7. Jessica B. Srivastava

    I used H5P Course Presentation and added videos, one of which is interactive as well as some images. I have been using H5p for a year now but have kept all my work in “in progress” as I have been concerned about copyright and using CC correctly. I have re-done this presentation and I think I have all the metadata correct and have published it into the world of H5p!

    I spent quite a bit of time reviewing the You Tube License agreement/information One of the videos (How to answer behavioural questions) has a CC license the others are licensed under the You Tube agreement. I have also included pictures from Unsplash and The Noun Project. I also found an academic journal article which turned out to be published under CC which is the first time I have seen or maybe just noticed this.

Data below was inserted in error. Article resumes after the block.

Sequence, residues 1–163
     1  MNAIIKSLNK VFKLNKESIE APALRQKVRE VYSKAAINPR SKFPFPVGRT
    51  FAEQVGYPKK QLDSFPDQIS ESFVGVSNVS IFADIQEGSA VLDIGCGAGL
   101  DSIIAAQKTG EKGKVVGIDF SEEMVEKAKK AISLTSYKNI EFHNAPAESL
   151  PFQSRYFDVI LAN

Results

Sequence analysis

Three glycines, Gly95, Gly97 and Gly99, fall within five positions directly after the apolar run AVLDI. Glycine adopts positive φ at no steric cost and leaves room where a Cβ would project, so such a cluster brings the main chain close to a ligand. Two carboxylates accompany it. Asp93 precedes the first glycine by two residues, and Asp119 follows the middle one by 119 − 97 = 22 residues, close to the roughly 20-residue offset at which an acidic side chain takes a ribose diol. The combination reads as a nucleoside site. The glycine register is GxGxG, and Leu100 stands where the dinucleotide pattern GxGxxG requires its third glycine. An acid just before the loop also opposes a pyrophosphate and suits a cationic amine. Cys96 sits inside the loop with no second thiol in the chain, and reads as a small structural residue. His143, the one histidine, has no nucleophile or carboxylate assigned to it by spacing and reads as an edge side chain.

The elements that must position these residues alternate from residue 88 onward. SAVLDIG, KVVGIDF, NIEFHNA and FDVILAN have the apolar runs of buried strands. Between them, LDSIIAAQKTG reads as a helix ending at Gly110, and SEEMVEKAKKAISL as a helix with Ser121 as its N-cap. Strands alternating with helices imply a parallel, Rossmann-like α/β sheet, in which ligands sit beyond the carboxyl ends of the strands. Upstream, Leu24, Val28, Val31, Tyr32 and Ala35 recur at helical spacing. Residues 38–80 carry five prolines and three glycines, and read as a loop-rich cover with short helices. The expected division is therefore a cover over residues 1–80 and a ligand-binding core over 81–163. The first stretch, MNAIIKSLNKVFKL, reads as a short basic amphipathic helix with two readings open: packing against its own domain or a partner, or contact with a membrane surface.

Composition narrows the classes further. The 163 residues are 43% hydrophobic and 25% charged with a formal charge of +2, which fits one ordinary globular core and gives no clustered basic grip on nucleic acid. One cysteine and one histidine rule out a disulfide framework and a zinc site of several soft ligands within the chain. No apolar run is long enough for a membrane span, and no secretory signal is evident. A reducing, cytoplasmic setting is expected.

I have been trying to use only CC images, so I am comfortable in that arena. Overall, I think this is time consuming and learning and researching copyright is difficult at times but I feel like I really learned a lot and have way more confidence filling in the metadata and copyright information and perhaps now will start publishing more on H5p and also SlideShare. I will also be looking up the Journal where the article was published as a possible outlet for me to do some publishing in the future.

    Link to my presentation: https://h5pstudio.ecampusontario.ca/content/19857

  8. Lindsay